Clean Data With Fivetran Transformations
Cleaning is a standard use case for a transformation layer in a data pipeline. The principle of “garbage in, garbage out” tells us that better data trumps more sophisticated algorithms.
To make sense of your data, you may find yourself extracting or combining elements of strings, removing duplicate records, fixing typos and inconsistent capitalization, forcing data types, or flagging or filling in values.
If you aren’t familiar with how to use Fivetran Transformations, refer to this post first.
Extracting Leading and Trailing Elements of Strings: LEFT(), RIGHT(), and SUBSTR()
Suppose you know that the first four characters of a serial number correspond to certain factories. Let’s say you’re also interested in the two trailing characters of a serial number, as every item ending in “00” is a “special.” In most SQL dialects, you can extract leading characters using LEFT() and trailing characters using RIGHT():
SELECT LEFT(553744211, 4) as factory
SELECT RIGHT(553744200, 2) as special
The LEFT() and RIGHT() functions will automatically convert your arguments into strings.
Standard SQL on Google BigQuery doesn’t support the above usages of LEFT() and RIGHT(). Use a more general function, SUBSTR(), instead.
For leading characters:
SUBSTR([string], [starting position], [characters from starting position])
Since you specify the starting position on the string, you can extract elements from the middle of a string as well using SUBSTR().
For trailing characters:
SUBSTR([string], -[number of characters from end])
Note that SUBSTR() requires you to CAST the field as a string (more on that later):
SELECT SUBSTR(553744211, 0, 4) as factory
SELECT SUBSTR(553744200, -2) as special
Taking Care of Whitespace and Other Leading/Trailing Characters: RTRIM(), LTRIM(), and TRIM()
You can use LTRIM() to remove leading white spaces; RTRIM for trailing white spaces; and for both leading and trailing white spaces, TRIM(). You can enter two arguments for TRIM():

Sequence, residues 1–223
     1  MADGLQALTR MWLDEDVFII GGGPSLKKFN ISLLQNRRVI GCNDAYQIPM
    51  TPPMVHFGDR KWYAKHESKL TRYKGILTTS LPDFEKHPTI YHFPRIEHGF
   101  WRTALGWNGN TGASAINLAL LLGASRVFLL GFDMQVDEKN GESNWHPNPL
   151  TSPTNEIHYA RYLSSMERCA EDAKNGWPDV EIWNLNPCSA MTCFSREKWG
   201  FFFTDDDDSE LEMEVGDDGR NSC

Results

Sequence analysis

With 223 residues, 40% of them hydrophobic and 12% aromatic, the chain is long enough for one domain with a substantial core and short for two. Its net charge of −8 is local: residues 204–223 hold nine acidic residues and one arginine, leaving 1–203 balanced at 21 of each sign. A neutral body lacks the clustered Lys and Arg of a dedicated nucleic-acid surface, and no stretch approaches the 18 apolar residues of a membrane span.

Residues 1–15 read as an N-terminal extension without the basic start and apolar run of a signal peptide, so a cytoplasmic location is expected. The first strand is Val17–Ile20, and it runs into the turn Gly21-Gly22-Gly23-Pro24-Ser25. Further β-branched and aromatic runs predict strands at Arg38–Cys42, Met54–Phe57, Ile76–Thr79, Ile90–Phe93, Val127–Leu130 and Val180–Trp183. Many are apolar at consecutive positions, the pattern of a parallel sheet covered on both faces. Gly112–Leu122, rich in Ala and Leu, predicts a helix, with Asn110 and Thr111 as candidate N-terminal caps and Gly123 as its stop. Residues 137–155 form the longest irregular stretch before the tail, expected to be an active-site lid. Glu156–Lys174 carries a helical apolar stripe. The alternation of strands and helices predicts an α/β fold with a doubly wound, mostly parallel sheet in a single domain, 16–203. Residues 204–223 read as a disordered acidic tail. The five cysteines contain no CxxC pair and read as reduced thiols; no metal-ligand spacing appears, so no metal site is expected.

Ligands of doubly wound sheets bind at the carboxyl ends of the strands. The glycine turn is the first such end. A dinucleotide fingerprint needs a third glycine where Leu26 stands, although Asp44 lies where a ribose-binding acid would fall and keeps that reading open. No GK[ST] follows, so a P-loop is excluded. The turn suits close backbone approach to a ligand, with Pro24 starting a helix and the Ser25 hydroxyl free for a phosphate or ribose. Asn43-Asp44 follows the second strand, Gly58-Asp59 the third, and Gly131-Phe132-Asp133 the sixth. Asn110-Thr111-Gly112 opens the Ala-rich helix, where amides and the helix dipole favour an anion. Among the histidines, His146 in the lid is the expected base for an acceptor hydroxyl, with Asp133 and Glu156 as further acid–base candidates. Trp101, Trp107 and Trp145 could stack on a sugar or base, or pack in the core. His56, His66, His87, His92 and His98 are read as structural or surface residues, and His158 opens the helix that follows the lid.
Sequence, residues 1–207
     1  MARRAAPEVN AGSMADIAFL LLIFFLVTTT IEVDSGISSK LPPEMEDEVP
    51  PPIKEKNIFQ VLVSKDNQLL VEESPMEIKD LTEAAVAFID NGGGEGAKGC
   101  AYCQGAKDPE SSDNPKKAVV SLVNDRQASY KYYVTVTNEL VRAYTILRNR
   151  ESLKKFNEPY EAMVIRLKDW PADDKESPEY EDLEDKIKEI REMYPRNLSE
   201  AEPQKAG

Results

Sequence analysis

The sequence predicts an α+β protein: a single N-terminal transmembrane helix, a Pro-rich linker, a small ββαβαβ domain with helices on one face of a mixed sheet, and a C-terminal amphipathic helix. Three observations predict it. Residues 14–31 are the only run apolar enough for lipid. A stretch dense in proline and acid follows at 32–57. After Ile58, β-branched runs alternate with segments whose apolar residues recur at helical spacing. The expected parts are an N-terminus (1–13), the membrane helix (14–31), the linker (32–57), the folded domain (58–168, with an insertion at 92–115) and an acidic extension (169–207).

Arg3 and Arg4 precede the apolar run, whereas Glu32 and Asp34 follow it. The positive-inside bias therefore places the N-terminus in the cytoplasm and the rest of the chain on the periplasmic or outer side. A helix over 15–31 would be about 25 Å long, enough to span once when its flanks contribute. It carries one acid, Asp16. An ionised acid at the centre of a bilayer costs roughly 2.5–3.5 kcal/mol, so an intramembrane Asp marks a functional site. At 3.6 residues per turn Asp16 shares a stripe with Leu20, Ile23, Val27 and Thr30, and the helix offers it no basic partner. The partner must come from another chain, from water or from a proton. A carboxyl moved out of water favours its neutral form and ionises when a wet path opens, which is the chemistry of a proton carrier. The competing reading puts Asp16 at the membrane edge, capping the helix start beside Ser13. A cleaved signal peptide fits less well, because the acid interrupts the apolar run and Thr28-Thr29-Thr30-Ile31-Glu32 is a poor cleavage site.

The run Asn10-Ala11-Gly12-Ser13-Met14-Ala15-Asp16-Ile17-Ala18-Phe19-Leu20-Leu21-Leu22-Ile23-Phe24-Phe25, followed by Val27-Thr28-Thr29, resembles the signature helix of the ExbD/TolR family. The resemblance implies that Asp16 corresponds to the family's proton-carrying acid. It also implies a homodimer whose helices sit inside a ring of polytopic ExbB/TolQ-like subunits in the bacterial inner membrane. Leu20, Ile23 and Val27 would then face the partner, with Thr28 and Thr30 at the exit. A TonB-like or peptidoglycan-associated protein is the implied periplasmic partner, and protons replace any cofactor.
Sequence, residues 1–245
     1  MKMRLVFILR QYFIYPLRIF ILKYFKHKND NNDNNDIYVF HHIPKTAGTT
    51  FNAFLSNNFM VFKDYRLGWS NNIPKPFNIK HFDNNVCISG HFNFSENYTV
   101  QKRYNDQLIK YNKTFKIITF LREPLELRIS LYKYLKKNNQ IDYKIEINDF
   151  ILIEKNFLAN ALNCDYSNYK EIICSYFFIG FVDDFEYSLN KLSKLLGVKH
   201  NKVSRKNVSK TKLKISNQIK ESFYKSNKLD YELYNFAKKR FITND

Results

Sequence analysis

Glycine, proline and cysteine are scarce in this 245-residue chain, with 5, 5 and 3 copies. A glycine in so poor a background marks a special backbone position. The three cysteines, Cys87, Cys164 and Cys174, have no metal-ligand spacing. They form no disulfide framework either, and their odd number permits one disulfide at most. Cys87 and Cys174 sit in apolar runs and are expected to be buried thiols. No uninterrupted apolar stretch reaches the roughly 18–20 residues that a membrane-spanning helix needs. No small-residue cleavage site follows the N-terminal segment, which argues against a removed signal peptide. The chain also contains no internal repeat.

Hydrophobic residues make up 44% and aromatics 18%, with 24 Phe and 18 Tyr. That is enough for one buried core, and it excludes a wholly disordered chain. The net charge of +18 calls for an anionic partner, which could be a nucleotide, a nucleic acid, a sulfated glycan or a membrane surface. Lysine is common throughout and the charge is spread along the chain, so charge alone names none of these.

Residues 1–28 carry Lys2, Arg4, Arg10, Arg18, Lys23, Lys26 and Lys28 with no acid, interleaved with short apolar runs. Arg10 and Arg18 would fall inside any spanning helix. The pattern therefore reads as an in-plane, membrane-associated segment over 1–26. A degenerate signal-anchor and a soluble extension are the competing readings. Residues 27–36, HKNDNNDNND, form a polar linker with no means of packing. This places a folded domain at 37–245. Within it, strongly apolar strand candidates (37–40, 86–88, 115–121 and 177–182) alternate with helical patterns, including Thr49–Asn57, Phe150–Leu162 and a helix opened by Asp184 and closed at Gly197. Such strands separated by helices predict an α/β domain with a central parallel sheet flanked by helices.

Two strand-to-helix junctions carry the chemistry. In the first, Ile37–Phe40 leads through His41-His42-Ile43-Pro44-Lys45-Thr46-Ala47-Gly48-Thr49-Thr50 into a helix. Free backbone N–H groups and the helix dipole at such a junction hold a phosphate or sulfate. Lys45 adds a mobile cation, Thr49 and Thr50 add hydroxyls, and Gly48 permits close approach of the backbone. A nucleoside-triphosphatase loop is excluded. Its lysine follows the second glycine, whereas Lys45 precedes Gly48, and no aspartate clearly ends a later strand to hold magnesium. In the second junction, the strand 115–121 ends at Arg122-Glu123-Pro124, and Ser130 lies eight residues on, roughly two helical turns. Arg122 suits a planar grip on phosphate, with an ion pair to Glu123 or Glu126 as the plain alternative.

TRIM([string], [character(s) to remove from trailing and leading ends])
The second argument can contain multiple characters, each of which will be trimmed. For instance:
SELECT TRIM("???**** example text $$$$", "?$* ")
Unfortunately, none of the TRIM() functions will take care of double whitespace within a string, such as in “example text.” In order to remove duplicate whitespaces within a string (and more!), you will need the REPLACE() function.
Replacing values: REPLACE()
To replace characters, use the REPLACE() function like so:
SELECT REPLACE("Brave", "B", "c")
REPLACE functions, like many others, can be nested:
SELECT REPLACE(REPLACE("Brave", "B", "c"), "v", "z")
You can use REPLACE() to replace whitespaces, too:
SELECT REPLACE(“example text”, “ “, “ “)
You might have noticed that REPLACE() is case-sensitive. If you want to change the case of a string, it’s obviously impractical to nest REPLACE() functions 26 layers deep for every letter.
Changing capitalization: LOWER() and UPPER()
Use LOWER() and UPPER() to lowercase and uppercase strings, respectively.
SELECT UPPER(“eXaMpLe TeXt”)
SELECT LOWER(“eXaMpLe TeXt”)
Most SQL dialects do not, unfortunately, have native functions to convert strings to title- or proper- case.
An Important Logical Function: CASE Statements
The CASE statement is the SQL equivalent to an IF-THEN-ELSE statement. Use this to put things into buckets and perform other rule-based operations.
SELECT SerialNumber, CASE WHEN SerialNumber < 210000 THEN 1943 WHEN SerialNumber >= 210000 AND SerialNumber < 450000 THEN 1944 ELSE 1945 END as YearOfManufacture
Forcing Data Types: CAST()
The CAST() function allows you to alter data types. You will periodically encounter numbers or dates represented as strings:
SELECT CAST(“1337” as INT)
SELECT CAST(“2011-06-14” as DATE)
Sometimes, you will encounter dirty columns with strings called “null” or blank spaces. You can combine CASE statements with CAST to handle these:
SELECT DirtyColumn, CASE WHEN DirtyColumn = “” OR LOWER(DirtyColumn) = “null” THEN NULL ELSE CAST(DirtyColumn AS INT64) END as CleanColumn
Combining Strings: CONCAT
Suppose you wanted to combine strings from two columns.
SELECT CONCAT(“Audie”, “ “, “Murphy”)
Note that CONCAT() does not automatically apply spaces or other delimiters. If you want your strings separated by something, you will have to supply it directly to the function.
Setting Default Values: COALESCE
Use COALESCE to return the first non-NULL value in a list. Suppose you have two columns
tax that you have to sum together, but
tax is sometimes NULL. The usage for COALESCE would look like so:
SELECT Item, Price, Tax, Price + COALESCE(tax, 0) as total_cost FROM Sales.records
The function will check whether “tax” is NULL, and if so, choose 0 as the value. If not, it will use the numeric value of “tax.” We previously addressed how to handle this scenario here.
These functions can be combined with each other to handle many sorts of messy data. There are more advanced cleaning methods to pursue using SQL as well, including fuzzy matching, splitting strings into columns, and title-casing.